“Forever Young” has the manner of something that was made in the kind of perfect vacuum that can be achieved only in a Hollywood bell jar. Here’s a romantic comedy in which Mel Gibson plays a pre-World War II test pilot who, accidently defrosted after spending more than half a century in a cryogenic capsule, learns about life and love in 1992.
When first seen in 1939, Daniel McCormick (Mr. Gibson) seems to have the world in the palm of his hand. He’s not only at the top of his class as a flier, but he’s also in love with and loved by an ideal woman, Helen (Isabel Glasser), a successful magazine photographer. Daniel has one small failing: marriage scares him, though for no reason more special than that the story requires it.
When Helen is suddenly run over in the street and declared brain dead, the distraught Daniel volunteers to be the first human guinea pig in a cryogenic experiment. After all, he’s not going anyplace, nor is Helen. He accepts his deep-freeze willingly. What with one thing and another, including World War II, he’s forgotten until two small boys of the 1990’s come upon his abandoned but still icy crypt in a warehouse. It’s at this point that “Forever Young,” which has been unraveling for some time, really starts.
Written by Jeffrey Abrams (“Regarding Henry”) and directed by Steve Miner, “Forever Young” has nothing much to do with anything except the movie conventions of an earlier time when near-fatal accidents, wild coincidences and miraculous resurrections were the way life was lived on the silver screen. Plausibility is not important in this sort of movie; everything depends on the charm, style and verve with which it’s played.
This is Mr. Gibson’s department. He passes through “Forever Young” with the self-assurance of a Hollywood star of the great studio era, someone who in good pictures and bad remains magically and consistently his own idealized self. Mr. Gibson is good enough to give the film substance, making “Forever Young” far easier to sit through than it has any right to be.
Jamie Lee Curtis also is attractive as Claire, the gutsy 1990’s woman who befriends Daniel and with whom he has a brief flirtation, almost forgetting his still strong commitment to the memory of the brain-dead Helen. I shouldn’t reveal more about the plot except to emphasize that, brain death aside, it is a romantic comedy.
This is not always apparent while one is watching the film. Though “Forever Young” initially would have you believe that Daniel and Helen share some kind of transforming passion, Helen is forgotten for much of the running time. The heart is earnestly warmed instead by Daniel’s friendship with Claire’s 11-year-old son, Nat (Elijah Wood), whom he teaches to fly. There are also some obligatory Rip Van Winkle gags about Daniel’s reaction to television, telephone answering machines and such.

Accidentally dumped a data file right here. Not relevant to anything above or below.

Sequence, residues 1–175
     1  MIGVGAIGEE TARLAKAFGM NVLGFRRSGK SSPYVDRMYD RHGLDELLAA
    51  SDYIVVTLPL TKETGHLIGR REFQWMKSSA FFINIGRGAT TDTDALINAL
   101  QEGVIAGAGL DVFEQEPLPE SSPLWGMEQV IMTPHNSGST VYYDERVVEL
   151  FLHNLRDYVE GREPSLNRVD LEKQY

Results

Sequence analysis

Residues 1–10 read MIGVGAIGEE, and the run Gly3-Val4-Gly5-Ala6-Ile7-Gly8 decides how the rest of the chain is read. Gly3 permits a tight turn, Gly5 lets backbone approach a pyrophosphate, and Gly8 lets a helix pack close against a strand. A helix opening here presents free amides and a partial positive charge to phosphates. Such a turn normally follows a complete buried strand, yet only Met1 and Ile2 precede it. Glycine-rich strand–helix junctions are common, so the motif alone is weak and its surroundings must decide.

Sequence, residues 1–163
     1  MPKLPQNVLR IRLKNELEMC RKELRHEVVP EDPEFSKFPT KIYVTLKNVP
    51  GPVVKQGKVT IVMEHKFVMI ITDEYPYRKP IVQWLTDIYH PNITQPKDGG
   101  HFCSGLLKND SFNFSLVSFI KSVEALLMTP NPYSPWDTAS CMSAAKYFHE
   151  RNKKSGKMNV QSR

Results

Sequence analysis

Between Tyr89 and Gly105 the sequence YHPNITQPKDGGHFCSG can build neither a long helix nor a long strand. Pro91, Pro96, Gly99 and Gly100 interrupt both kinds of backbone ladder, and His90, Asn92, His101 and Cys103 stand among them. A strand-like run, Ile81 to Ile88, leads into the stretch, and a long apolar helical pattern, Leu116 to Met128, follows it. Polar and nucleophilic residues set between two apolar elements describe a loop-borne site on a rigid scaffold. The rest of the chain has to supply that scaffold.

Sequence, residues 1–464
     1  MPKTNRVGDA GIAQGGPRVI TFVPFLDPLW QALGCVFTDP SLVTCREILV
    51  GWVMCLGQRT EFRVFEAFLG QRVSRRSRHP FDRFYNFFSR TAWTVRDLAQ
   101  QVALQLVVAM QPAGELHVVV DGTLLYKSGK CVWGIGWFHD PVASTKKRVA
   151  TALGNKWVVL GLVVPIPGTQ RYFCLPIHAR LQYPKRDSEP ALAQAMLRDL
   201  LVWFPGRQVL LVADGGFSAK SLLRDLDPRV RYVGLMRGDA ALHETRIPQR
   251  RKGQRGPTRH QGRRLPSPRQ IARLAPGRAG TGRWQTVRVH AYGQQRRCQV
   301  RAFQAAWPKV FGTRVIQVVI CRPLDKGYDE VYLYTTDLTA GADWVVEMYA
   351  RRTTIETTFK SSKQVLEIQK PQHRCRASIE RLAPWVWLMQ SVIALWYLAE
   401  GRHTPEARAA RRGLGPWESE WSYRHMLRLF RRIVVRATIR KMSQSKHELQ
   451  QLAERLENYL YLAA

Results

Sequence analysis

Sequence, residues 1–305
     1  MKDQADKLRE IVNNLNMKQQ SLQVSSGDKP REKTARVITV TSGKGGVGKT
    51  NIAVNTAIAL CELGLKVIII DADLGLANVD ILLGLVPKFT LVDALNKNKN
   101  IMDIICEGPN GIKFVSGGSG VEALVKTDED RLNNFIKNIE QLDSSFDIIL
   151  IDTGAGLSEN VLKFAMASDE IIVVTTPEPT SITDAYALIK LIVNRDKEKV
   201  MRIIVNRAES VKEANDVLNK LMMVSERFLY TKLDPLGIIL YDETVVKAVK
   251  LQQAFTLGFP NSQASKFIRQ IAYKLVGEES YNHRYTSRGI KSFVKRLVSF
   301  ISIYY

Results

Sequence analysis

“Forever Young” looks to be very much a star vehicle. Because of that, it may not be fair to blame either the writer or director for its lack of narrative focus. The star is the center of everything. The physical production is handsome and elaborate, but nothing deflects attention from Mr. Gibson for any length of time, not even Ms. Curtis. Ms. Glasser is not around long enough to establish her own screen presence. Even George Wendt, the formidably funny “Cheers” star, who plays the inventor of Daniel’s deep-freeze chamber, does not make much of an impression.
The only thing that gives Mr. Gibson competition is a great Billie Holiday recording of the Ray Noble standard “The Very Thought of You.” Daniel and Helen consider it their song. It later turns up as a favorite of Claire in 1992. Lady Day was not exactly a household name in 1939. That Daniel and Helen should have cherished her then lends them more class and character than anything else in the movie.
Forever Young (1992)
Directed by: Steve Miner
Starring: Mel Gibson, Jamie Lee Curtis, Elijah Wood, Isabel Glasser, George Wendt, Nicolas Surovy, David Marshall Grant, Veronica Lauren, Joe Morton, Millie Slavin
Screenplay by: J. J. Abrams
Production Design by: Gregg Fonseca
Cinematography by: Russell Boyd
Film Editing by: Jon Poll
Costume Design by: Aggie Guerard Rodgers
Set Decoration by: Jay Hart, Jan Pascale
Art Direction by: Bruce Alan Miller
Music by: Jerry Goldsmith
MPAA Rating: PG for some language and domestic conflict.
Distributed by: Warner Bros. Pictures
Release Date: December 11, 1992